new low, Virginia Republicans pay off state senator Philip P. Puckett to resign his position so that the GOP will have the votes to block medicaid expansion. Puckett will now be the deputy director of the state tobacco commission and his daughter gets a judgeship. It sounds like something out of the antebellum South and I'm sure won't be ignored this election cycle.
Both the GOP and Puckett deny such a deal took place, but it is so transparent as to be undeniable, especially since they are taking advantage of the absence of two other Democratic senators to call an early session to secure the vote they need to block medicaid expansion, and appoint Puckett's daughter to her new judgeship.
Virginia governor Terry McAuliffe apparently has little recourse. Obviously the state Republicans did their homework, using both hook and crook to get the advantage they needed in the state legislature. With political stunts like this, you have to wonder how long an advantage like this will last.
What has been so disconcerting these past five years is the way the GOP has been able to use red states to block key parts of the Affordable Care Act. Some red states appear to have relented to medicaid expansion, notably Florida, as Rick Scott makes a last ditch effort to overcome Charlie Crist in the polls. Florida Republican legislators, who control the state legislature and have been adamantly opposed to medicaid expansion, appear to be changing their position as polls show Floridians strongly approve medicaid expansion.
So, why does Virginia continue to fight it? It is already a state in transition politically, having twice voted for Obama, and elected McAuliffe as governor last year in a bitterly contested election. You would think Republicans would see the writing on the wall and accept the fact that people want medicaid expansion and full access to the Affordable Care Act. Instead, we see the same old ideological battle rear its ugly head again.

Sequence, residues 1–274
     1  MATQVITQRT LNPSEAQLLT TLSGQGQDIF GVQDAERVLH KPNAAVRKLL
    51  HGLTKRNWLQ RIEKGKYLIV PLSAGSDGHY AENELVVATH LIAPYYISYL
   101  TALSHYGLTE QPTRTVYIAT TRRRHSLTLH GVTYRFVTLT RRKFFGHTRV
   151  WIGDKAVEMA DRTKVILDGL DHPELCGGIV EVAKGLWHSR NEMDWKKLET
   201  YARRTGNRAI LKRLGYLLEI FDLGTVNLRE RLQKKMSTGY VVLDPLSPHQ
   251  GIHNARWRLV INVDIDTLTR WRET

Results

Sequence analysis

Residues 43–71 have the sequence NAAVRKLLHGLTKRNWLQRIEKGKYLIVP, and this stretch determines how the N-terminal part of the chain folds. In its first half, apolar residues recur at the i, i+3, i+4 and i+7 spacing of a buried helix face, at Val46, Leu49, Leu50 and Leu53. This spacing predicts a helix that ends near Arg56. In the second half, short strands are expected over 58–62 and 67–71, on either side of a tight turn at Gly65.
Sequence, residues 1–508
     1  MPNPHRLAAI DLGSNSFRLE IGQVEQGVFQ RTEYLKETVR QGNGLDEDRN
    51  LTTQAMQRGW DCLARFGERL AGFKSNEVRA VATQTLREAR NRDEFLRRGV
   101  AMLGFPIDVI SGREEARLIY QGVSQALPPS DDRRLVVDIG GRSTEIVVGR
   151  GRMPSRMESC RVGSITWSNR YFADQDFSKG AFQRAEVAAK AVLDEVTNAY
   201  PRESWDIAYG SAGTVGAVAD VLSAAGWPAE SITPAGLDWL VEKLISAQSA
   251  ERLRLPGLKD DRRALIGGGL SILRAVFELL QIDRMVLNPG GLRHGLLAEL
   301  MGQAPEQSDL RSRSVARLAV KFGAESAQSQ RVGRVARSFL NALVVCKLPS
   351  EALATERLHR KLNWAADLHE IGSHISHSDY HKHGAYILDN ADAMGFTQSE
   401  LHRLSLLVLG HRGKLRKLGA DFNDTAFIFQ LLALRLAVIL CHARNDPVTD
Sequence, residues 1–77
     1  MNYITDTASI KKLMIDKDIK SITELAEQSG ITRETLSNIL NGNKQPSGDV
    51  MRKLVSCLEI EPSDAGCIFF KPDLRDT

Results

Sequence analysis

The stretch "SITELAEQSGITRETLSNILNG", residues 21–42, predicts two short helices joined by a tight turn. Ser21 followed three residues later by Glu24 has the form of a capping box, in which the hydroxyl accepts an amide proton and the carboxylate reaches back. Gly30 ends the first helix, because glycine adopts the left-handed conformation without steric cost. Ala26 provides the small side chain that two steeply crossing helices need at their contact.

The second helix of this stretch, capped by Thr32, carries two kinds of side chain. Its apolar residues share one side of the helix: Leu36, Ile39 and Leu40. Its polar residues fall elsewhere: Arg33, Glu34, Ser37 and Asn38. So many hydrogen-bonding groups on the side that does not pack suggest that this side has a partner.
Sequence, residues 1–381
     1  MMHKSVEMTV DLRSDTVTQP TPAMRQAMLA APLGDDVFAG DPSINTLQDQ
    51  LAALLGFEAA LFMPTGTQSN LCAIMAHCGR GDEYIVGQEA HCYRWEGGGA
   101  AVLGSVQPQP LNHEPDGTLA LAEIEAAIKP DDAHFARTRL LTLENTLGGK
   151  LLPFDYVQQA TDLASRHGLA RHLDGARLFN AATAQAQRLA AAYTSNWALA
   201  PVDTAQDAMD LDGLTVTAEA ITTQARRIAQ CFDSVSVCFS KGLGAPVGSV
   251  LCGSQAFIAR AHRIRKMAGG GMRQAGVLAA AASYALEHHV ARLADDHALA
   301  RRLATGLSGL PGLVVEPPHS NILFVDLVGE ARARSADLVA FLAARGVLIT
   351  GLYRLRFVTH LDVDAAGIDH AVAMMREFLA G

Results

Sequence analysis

I suppose this is the result of the overwhelming fear among conservatives that the ACA will eventually lead to a single-payer system that would do away with state health care systems all together. This was the biggest obstacle for Affordable Care Act, resulting in a myriad of state health insurance exchanges, with rates depending greatly on the number of providers available in those states.
Some states opted out all together, leaving it up to its' residents to apply through the federal health insurance exchange, which got off to a very bad start. It was hoped at the time that this would be the death knell of "Obamacare," but the federal exchange was able to overcome its rocky start and eventually reach its target goal of new enrollees. However, the ACA is relying heavily on medicaid expansion to pick up a great number of uninsured Americans who can't afford health insurance even with the substantial discounts available through the exchanges.